A week ago I was admonished on Twitter for having a dig at vapers.
I protested my innocence, pointing out that I've done quite a lot to defend vaping and e-cigarettes including television and radio interviews and submissions to various consultations in which I have repeatedly called on government not to over-regulate or restrict the use of this apparently harmless product.
It's true though that not all vapers (or e-cig advocates) have my undying admiration so you'll forgive me if I occasionally use this blog to highlight areas of concern.
Yesterday, for example, a leading e-cig advocate and vaper wrote:
When we smoked we were willing to accept sin taxes and restrictions, because we knew that fundamentally they could be justified by evidence.
I accept that vaping is far less of a health risk than smoking, if indeed it's a risk at all. But where is the evidence that justifies a total ban on smoking in all indoor public places, for example?
Or a ban on the display of tobacco in shops?
Or a ban on vending machines?
Or a ban on smoking in private vehicles?
Or plain packaging of tobacco products?
The claim that 11,000 non-smokers died each year from secondhand smoke in pre-ban Britain was based on 'estimates' and 'calculations'. It had no basis in fact.
Reports that smoking bans reduce heart attacks are invariably shown to be false.
The slogan "quit or die" is clearly a lie. Smokers may be playing Russian roulette with their health but a great many live long and healthy lives.
Even the genuine risks of smoking (self-evident to most people for decades) have been exaggerated to the point where smokers largely ignore warnings about impotence, blindness, grotesquely rotten teeth and amputations because the number of smokers who experience those outcomes is, mercifully, very small.
What I find curious is this. While many vapers seem happy to believe what tobacco control tells them about the impact of smoking, when it comes to electronic cigarettes the public health industry is suddenly "lying".
Does it never occur to them that tobacco control could have been lying (or exaggerating the facts) about smoking too?
The problem is that in order to protect e-cigarettes some vapers have decided to unite with tobacco control campaigners under the harm reduction flag. Tactically there is some sense in this.
Unfortunately no tobacco control campaigner - even those who now accuse other public health campaigners of "lying" - will ever admit they exaggerated the health risks of smoking or the impact of passive smoking so the issue is brushed under the carpet and never mentioned.
It's the elephant in the room because if some public health campaigners are lying about e-cigarettes it's reasonable to suspect they lied or embellished the facts about tobacco too.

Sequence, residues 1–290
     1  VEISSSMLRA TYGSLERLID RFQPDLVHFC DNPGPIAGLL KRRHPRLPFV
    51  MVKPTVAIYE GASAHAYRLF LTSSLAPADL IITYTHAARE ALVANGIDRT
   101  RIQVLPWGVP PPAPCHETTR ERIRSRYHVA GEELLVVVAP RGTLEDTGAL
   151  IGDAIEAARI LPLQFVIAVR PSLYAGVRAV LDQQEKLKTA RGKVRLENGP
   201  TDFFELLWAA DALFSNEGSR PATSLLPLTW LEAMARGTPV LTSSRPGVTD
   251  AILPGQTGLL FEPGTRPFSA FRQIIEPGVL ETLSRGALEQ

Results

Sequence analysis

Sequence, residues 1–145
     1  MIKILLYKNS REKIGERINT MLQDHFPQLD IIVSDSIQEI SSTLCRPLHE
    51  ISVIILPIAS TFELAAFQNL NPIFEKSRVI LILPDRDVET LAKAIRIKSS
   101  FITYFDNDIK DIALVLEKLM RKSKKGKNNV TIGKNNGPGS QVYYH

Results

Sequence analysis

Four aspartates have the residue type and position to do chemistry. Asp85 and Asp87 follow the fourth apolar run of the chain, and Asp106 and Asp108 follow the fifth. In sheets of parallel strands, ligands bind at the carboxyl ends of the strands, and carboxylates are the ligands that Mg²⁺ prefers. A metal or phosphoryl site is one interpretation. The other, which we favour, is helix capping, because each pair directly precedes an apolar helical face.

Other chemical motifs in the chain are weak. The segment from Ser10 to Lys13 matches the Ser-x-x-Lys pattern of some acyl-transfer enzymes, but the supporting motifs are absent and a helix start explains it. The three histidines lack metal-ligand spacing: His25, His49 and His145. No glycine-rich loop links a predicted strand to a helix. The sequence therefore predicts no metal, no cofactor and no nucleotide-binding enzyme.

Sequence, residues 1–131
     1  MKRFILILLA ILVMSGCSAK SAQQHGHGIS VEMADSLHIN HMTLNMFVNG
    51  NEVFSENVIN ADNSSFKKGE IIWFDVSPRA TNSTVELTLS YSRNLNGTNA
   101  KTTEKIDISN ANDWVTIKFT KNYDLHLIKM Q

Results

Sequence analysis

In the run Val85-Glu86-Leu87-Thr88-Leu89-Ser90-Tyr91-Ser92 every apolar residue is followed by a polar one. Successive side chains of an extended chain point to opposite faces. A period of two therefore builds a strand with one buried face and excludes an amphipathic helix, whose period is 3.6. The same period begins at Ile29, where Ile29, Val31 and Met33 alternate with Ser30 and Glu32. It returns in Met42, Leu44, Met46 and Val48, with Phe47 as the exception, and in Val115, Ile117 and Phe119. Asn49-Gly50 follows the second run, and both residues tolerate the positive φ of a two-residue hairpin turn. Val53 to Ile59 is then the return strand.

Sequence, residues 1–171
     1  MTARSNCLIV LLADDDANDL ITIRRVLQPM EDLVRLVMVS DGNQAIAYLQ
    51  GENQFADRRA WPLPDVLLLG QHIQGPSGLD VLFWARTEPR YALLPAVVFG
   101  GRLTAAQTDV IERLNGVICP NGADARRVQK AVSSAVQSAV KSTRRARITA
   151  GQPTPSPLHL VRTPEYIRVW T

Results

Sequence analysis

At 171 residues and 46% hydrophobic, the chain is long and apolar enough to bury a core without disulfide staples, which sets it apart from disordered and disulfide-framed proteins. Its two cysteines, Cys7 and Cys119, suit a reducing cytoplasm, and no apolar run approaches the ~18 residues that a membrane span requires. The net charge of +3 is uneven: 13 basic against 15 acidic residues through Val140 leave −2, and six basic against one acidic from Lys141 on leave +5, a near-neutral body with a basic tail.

I wonder what Joe Jackson, who wrote a very well-argued essay challenging some of the arguments against smoking, thinks.
Like many of today's e-cig advocates Joe is a consumer who for several years did a huge amount of reading and research. Like them he never received a penny for his time.
Joe felt so strongly about the issue he wrote articles (New York Times, Daily Telegraph), gave interviews (including the Today programme), and accepted an invitation to speak alongside the then Secretary of State for Health John Reid.
That was ten years ago. Sadly, after years of being browbeaten and made to feel guilty about their habit, and with social media still in its infancy, smokers failed to rally to the cause.
A decade later advocates of e-cigarettes (many of them ex-smokers) happily accuse public health campaigners of "lying" about vaping yet appear to accept everything tobacco control says about smoking. It's a dichotomy that needs some explanation.
Update: Last week Joe urged people to sign a petition opposing a comprehensive smoking ban in the previously "fun" city of New Orleans. We posted his plea on the Forest Facebook page and a number of you responded.
The petition allows for comments and when I looked this morning I saw several familiar names. Joe himself wrote:
Like many others, I'm a frequent visitor to NOLA because it's one of the few places in the US where we're treated as adults; where there is a live and let live attitude; and people are not taken in by ridiculous hyped-up fear-mongering about 'secondhand smoke'. The choice should be up to bar and club owners. This ban would be a tragedy. If it passes I won't be coming to New Orleans any more. Simple as that.
See also: New Orleans City Council to host town hall meeting on smoking ban. The meeting takes on Wednesday so you should submit comments as soon as possible.
If passed the law will almost certainly embrace e-cigarettes. That's why vapers should join forces with smokers and fight these battles together.
Unfortunately, for reasons I understand but don't accept, some vapers are throwing smokers under the bus in the hope their own habit might be spared.
The bigger picture is the war on excessive regulation with New Orleans the latest battleground. Smoker or vaper, if you want to make your voice heard sign here.